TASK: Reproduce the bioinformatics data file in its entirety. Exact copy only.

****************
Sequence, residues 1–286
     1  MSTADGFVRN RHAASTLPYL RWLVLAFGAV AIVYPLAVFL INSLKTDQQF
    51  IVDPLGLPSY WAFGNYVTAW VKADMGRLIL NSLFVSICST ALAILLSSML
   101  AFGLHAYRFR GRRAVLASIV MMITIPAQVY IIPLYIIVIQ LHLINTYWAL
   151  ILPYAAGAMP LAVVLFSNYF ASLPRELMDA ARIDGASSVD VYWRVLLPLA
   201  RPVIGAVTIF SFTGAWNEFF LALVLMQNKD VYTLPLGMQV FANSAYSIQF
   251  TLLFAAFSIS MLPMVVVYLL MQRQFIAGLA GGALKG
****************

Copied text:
Sequence, residues 1–286
     1  MSTADGFVRN RHAASTLPYL RWLVLAFGAV AIVYPLAVFL INSLKTDQQF
    51  IVDPLGLPSY WAFGNYVTAW VKADMGRLIL NSLFVSICST ALAILLSSML
   101  AFGLHAYRFR GRRAVLASIV MMITIPAQVY IIPLYIIVIQ LHLINTYWAL
   151  ILPYAAGAMP LAVVLFSNYF ASLPRELMDA ARIDGASSVD VYWRVLLPLA
   201  RPVIGAVTIF SFTGAWNEFF LALVLMQNKD VYTLPLGMQV FANSAYSIQF
   251  TLLFAAFSIS MLPMVVVYLL MQRQFIAGLA GGALKG